CaaS: Why now?
In Part 1, we discussed a new way of looking at curriculum. Instead of thinking of curriculum as a static product, like a textbook, Curriculum-as-a-Service takes a systems-thinking approach.
But why is it important to make this shift now?
The vast majority of teachers now have access to broadband in their classrooms. According to Education Superhighway, over 88% of schools have sufficient connectivity in their classrooms. This is up from just 30% in 2013.
This is great news, but it complicates life for school districts. In the past, when a school district made a decision to adopt a curriculum, the district could reasonably assume that most teachers would use the textbook. Why? Because content was a scarce resource. The textbook provided the majority of the content.
But connectivity changes that. Now teachers have access to any content on the web. This creates what districts often refer to as their….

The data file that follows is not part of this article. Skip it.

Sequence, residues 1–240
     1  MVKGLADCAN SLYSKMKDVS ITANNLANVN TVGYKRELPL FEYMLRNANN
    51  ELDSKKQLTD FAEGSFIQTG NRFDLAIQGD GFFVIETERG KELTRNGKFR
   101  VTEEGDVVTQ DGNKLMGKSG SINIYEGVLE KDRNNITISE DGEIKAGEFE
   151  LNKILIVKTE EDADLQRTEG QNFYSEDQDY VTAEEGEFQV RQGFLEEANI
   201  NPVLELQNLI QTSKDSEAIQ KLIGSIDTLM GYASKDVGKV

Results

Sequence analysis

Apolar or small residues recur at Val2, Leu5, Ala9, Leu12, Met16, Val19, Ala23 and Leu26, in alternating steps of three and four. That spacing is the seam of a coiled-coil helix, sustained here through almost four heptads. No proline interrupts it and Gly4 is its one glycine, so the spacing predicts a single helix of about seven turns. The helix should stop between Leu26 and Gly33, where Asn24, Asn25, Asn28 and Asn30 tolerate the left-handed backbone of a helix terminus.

The job of a curriculum leader is to support high-quality, coherent instruction across the district. This is challenging if teachers are grabbing content from sites like Pinterest.
Looking at the diagram below, it’s now harder to assume that a decision in Step 1 (District planning) will make its way past Step 3 (Planning instruction) and into the classroom.
Where are your teachers getting their curricular resources?
The RAND Corporation recently released a series of surveys looking at how K-12 teachers understand and are implementing state standards. 87% of elementary teachers listed Pinterest as a top resource.
Given this change, districts need to think differently about curriculum. If they continue to treat curriculum as a static product, they fail to address the Pinterest problem. With a systems-thinking approach, they bring this problem out into the open. They recognize that when teachers go to Pinterest, they’re doing so because they’re trying to get a job done. They want to find, create, and/or curate more engaging material.
The district can harness this energy, steering it through a process of planning deliberate, well-crafted lessons:
And doing so leads to two positive outcomes:
In a future post, we’ll share one way districts are embracing this process through an initiative called Cornerstones. Watch this short video to preview the way DC Public Schools harnessed their teachers’ expertise to create these learning experiences.
In part 3, we'll tackle the question: How does CaaS support personalized learning?
Eric Westendorf is the Co-Founder and CEO at LearnZillion.